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Evri rated worst parcel delivery firm in MSE's annual service poll – here are your rights if you've had problems

Evri has been ranked the worst parcel delivery firm in an annual poll of MoneySavingExpert (MSE) users. The firm rebranded from Hermes in March 2022 after earlier reports of parcel mishandling – yet despite the name change, MoneySavers rated their experience with the firm as significantly worse this year.

Evri told us 99% of the 700 million parcels it handles annually are delivered on time, but admitted its service had slipped over the busy Christmas period due to "a unique set of challenges", including unprecedented volumes, Royal Mail strikes and labour shortages.

It added that it's setting up dedicated customer service teams in each of its depots – with satisfaction rates "almost doubling" in recent weeks.

Below we detail the poll results in full and explain how to challenge poor service from a delivery company. For full details on your rights, you can also see our Parcel delivery rights guide.

Evri performed worst in our poll – while Amazon Logistics topped the table for the second time in a row

We asked users to rate their experience of each delivery firm they had used during the past 12 months. They were given the option to rate specific couriers used throughout 2022 as either 'great', 'OK' or 'poor'. More than 43,000 MoneySavers took part, casting over 300,000 votes.

Evri received more than 39,000 votes, with 62% rating it as 'poor', up from 48% in 2022. This was significantly worse than the other firms at the bottom of our poll – 39% rated Yodel as 'poor', while 22% rated UK Mail as 'poor'.

Amazon Logistics, meanwhile, came top for a second year in a row, while DPD remained in close second place for a third year, followed by sister company DPD Local.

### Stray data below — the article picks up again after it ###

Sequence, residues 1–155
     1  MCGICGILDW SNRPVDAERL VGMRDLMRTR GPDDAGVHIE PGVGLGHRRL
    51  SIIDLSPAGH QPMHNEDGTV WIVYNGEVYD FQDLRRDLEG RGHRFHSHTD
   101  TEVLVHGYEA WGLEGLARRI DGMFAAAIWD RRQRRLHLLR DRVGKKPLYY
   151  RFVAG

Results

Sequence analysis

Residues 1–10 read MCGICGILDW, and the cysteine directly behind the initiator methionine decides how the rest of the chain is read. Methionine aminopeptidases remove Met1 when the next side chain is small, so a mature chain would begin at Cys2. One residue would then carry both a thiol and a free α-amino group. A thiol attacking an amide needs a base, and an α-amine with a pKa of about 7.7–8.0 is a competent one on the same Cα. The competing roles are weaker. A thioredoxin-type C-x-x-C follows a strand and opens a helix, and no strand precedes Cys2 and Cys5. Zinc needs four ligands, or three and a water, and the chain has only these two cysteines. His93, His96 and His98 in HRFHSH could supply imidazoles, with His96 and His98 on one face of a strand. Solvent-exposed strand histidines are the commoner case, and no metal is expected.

Overall, five of the 17 firms were rated better this year compared to last year's poll, with UPS and Fedex UK both rising three places. However, Royal Mail performed significantly worse this year, dropping from fourth to eighth place. This comes after Royal Mail workers took strike action on the 23 and 24 December last year.

See the table below for the full results.

Parcel firms ranked from best to worst – as voted by MSE users

2023 poll ranking and delivery firm (2022 poll ranking)

(2022 result)

(2022 result)

(2022 result)

1) Amazon Logistics (1) (i)

62% (60%)

33% (34%)

4% (7%)

2) DPD (2)

61% (61%)

29% (28%)

11% (11%)

3) DPD Local (3)

59% (60%)

28% (25%)

13% (14%)

4) DHL (5)

44% (40%)

47% (48%)

9% (12%)

5) UPS (8)

41% (38%)

44% (41%)

15% (21%)

6) FedEx UK (9)

38% (36%)

50% (44%)

13% (20%)

7) Parcelforce Worldwide (7)

38% (42%)

47% (43%)

15% (15%)

8) Royal Mail (4)

40% (55%)

39% (34%)

20% (11%)

9) DHL Parcel UK (11)

33% (30%)

52% (48%)

15% (23%)

10) APC Overnight (10)

29% (32%)

59% (47%)

12% (21%)

11) CollectPlus (6) (ii)

26% (41%)

61% (46%)

12% (13%)

12) DX (13)

23% (24%)

57% (46%)

20% (29%)

13) InPost UK (N/A) (iii)




14) TNT (14)

17% (18%)

64% (54%)

19% (28%)

15) UK Mail (12)

18% (26%)

59% (52%)

22% (22%)

16) Yodel (15)

21% (26%)

40% (33%)

39% (41%)

17) Evri (16)

20% (28%)

19% (24%)

62% (48%)